With house prices showing clear signs of levelling off, Central Bank governor Patrick Honohan must resist pressure from politicians and the property lobby to relax the tough new mortgage lending rules.
Asking prices for houses on sale in Dublin fell by 0.7pc in the final three months of 2015, according to property website Daft.ie.
This is the second major indication that, after rising by 24pc in the 12 months to October, Dublin house prices are coming off the boil.
The latest figures from the CSO show that average Dublin house prices fell by 0.1pc in November. So what has changed in the housing market over the past three months?
Most of the factors that were driving house prices upwards during the first nine months of 2014 remain in place.
Step forward Central Bank governor Patrick Honohan.
In October, worried that house prices were rising dangerously fast, the Central Bank moved to impose tough new mortgage rules on the banks.
Under the new rules, the banks will have to insist on a 20pc deposit from most homebuyers. In addition, most loans will be capped at 3.5 times the borrower's gross salary.
And guess what: the new mortgage lending rules, which have yet to come into force, seem to be working.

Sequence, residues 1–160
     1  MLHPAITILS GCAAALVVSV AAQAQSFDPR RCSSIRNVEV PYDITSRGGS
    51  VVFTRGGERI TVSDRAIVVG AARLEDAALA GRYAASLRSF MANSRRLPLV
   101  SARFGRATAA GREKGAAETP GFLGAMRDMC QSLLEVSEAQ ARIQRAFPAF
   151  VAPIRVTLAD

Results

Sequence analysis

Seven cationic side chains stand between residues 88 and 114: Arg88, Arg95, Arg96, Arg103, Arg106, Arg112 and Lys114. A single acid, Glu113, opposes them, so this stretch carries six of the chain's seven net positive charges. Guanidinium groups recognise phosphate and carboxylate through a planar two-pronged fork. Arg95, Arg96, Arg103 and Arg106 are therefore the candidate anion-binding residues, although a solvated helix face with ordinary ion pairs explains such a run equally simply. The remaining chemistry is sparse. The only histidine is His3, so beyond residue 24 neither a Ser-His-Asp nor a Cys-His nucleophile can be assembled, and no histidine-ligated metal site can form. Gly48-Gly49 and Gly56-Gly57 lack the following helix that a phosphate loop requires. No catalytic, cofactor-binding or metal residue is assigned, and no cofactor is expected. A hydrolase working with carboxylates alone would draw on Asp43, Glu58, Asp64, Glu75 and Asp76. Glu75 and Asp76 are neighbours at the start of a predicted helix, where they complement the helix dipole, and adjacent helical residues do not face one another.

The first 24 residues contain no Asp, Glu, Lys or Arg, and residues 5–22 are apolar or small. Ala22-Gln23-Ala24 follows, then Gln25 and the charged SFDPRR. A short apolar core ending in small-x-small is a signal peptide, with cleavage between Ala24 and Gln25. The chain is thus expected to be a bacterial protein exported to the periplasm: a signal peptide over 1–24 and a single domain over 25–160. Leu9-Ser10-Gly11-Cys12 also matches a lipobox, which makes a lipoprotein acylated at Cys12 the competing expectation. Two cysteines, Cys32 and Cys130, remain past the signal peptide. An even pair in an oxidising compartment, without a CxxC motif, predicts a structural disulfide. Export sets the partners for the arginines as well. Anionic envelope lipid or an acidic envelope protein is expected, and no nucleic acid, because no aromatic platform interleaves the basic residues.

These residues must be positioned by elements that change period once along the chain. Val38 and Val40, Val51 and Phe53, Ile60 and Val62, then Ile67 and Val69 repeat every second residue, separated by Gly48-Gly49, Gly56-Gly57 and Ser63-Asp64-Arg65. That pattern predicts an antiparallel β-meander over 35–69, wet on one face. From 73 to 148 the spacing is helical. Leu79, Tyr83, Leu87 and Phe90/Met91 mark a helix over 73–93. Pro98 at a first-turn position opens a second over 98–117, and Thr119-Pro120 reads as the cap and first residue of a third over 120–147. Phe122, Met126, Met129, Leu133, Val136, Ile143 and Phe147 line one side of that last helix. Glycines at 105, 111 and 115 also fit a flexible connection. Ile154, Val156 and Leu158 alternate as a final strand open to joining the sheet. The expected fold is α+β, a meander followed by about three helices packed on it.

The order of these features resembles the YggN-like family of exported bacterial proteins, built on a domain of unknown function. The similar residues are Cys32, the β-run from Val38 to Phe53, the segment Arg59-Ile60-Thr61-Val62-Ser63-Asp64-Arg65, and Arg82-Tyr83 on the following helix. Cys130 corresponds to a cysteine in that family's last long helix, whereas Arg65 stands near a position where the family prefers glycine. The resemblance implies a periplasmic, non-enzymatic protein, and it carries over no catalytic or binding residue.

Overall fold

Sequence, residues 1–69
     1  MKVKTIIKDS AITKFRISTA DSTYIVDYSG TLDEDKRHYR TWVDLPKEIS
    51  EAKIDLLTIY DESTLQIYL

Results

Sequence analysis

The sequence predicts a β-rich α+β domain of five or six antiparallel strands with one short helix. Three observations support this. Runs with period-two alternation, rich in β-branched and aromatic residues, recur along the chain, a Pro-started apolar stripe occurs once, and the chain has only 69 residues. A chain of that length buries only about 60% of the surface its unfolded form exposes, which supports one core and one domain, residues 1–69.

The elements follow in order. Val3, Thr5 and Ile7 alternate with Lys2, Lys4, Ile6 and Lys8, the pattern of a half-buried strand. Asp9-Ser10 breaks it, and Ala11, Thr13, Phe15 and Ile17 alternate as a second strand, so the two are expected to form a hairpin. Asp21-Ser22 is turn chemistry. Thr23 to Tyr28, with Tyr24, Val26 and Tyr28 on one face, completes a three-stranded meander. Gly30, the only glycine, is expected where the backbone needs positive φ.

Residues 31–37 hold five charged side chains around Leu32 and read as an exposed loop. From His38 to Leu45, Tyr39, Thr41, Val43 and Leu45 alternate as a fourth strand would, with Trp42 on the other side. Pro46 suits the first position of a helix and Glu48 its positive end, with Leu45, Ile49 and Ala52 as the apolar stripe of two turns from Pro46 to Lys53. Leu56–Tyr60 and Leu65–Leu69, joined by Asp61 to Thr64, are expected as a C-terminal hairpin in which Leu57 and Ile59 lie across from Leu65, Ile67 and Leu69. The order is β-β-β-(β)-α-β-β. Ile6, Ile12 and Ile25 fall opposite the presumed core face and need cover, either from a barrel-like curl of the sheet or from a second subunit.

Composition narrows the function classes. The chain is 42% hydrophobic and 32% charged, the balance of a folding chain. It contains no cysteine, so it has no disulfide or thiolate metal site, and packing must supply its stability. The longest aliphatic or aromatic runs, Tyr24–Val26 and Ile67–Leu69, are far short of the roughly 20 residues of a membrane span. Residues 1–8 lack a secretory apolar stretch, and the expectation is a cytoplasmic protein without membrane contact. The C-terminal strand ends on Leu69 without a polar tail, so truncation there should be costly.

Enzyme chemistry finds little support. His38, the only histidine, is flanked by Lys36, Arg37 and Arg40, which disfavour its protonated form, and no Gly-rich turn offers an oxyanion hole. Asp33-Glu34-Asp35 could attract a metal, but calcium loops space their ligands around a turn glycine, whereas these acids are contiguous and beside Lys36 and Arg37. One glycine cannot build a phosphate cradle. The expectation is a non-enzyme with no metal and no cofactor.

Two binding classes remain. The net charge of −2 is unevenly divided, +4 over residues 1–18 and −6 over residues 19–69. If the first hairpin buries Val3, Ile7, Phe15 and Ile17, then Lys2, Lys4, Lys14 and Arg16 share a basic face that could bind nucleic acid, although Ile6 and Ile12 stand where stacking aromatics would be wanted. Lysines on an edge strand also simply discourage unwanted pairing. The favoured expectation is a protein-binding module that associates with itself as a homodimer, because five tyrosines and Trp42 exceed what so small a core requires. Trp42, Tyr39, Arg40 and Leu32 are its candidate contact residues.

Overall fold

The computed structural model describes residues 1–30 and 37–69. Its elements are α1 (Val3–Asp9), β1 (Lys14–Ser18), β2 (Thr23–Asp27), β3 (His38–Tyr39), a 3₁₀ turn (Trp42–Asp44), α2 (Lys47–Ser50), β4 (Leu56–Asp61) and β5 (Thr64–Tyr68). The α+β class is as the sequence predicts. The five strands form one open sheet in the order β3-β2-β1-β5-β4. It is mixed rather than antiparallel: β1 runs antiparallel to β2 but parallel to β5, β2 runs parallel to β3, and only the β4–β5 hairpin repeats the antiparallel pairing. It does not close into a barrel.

The prospect of having to save a hefty deposit means that potential purchasers have reduced the prices they are prepared to pay for houses and apartments. This is precisely what the new mortgage lending rules were designed to do.
One would have thought that Professor Honohan would have been universally praised for taking decisive action to stop house prices getting out of control.
But no, proving that no good deed goes unpunished, the Central Bank boss has been lambasted by the banks, the property lobby and, most shamefully of all, some politicians for doing the right thing.
In the three months since the new rules were first announced, the usual suspects have whipped up hysteria, alleging that they would somehow prevent first-time buyers getting on the property ladder.
Nonsense. As is already beginning to happen, the new rules will lower the prices buyers are willing to pay and, as a result, mean that they are at less risk of falling into negative equity.
Call me old-fashioned but that seems perfectly sensible.
So will Professor Honohan bow to the intense pressure to change the mortgage lending rules or will he stick to his guns?
Well, the Central Bank governor is completely independent of the Government. Ministers can threaten, instruct or advise to their hearts' content but the governor can ignore them.
Which is what I suspect Professor Honohan will do. Remember, he has form in this area. Cast your mind back to November 2010 when Government ministers were still denying the need for a bailout even as representatives of the Troika were already in Dublin.
With the public mood close to panic, it was Professor Honohan who saved the day by going on radio to announce that Ireland was negotiating a bailout.
Don't be surprised if Professor Honohan adopts a similarly robust approach this time around. Potential homebuyers should hope that he does.